Cherokee Assimilation and Resistance in the United States The Cherokee Nation, situated in what would become the southeastern part of the United States, had a long and tenuous relationship with the European settlers who came to North America over the course of the seventeenth, eighteenth, and nineteenth centuries. Living for centuries in what would eventually become the areas of Georgia, South Carolina, North Carolina, and Virginia, the Cherokee nation was a well-established, harmony-seeking people amongst many other Native American nations in North America when settlers from Europe began to encroach during the sixteenth and seventeenth centuries. Between the years of 1700 and 1830, the Cherokees fought a back and forth battle with...The end:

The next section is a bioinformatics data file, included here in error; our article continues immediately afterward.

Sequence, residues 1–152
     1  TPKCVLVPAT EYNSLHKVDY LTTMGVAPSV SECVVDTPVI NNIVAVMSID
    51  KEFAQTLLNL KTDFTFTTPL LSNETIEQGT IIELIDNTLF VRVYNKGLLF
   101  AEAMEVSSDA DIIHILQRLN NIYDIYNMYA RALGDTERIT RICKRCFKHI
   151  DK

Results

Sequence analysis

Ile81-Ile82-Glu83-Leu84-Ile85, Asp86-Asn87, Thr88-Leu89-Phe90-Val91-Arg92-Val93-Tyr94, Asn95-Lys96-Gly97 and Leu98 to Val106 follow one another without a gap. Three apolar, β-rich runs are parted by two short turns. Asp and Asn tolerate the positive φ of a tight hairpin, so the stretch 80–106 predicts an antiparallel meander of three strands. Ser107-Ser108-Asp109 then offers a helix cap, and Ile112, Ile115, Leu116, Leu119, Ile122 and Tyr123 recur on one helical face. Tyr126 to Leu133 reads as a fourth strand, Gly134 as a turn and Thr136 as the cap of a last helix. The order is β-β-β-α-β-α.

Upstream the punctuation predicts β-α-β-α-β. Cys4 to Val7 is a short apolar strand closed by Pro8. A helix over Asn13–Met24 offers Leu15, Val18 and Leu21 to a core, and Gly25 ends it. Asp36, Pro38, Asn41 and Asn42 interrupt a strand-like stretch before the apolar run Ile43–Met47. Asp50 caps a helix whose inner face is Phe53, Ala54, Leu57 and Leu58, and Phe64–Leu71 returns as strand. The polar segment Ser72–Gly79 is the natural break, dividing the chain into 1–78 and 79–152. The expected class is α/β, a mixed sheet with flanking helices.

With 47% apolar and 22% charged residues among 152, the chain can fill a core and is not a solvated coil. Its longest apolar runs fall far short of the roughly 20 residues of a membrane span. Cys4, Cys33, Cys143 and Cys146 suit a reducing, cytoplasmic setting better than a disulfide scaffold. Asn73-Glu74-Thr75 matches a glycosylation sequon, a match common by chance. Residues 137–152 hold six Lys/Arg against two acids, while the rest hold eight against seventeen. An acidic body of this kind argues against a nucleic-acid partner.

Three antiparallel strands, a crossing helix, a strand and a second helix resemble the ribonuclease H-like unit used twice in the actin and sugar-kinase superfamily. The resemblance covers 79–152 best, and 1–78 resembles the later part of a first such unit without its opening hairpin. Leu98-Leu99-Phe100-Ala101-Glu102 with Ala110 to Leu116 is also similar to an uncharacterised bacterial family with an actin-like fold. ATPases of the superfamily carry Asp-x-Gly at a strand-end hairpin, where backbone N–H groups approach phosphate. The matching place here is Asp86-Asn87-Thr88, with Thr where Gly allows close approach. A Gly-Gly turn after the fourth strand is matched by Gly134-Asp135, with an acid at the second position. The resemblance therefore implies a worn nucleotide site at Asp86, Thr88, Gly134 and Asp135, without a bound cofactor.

.....ican culture and removal of the Cherokees from their remaining lands (Perdue and Green 15-19). In 1830 the Indian Removal Act was ratified and signed by the President, forcing the 16,000 Cherokee nation members to move from present-day Georgia to present-day Oklahoma, which at the time was not an established U.S. state (Perdue and Green 19-24). The route the Cherokees took to uproot themselves and move their lives in the late 1830s came to be called the Trail of Tears to commemorate the cultural and physical pain the nation felt as they were forced from their native home. Bibliography Perdue, Theda and Michael D. Green. The Cherokee Removal: A Brief History with Documents, 2nd Edition. Boston and New York: Bedford/ St. Martin’s Press, 2005.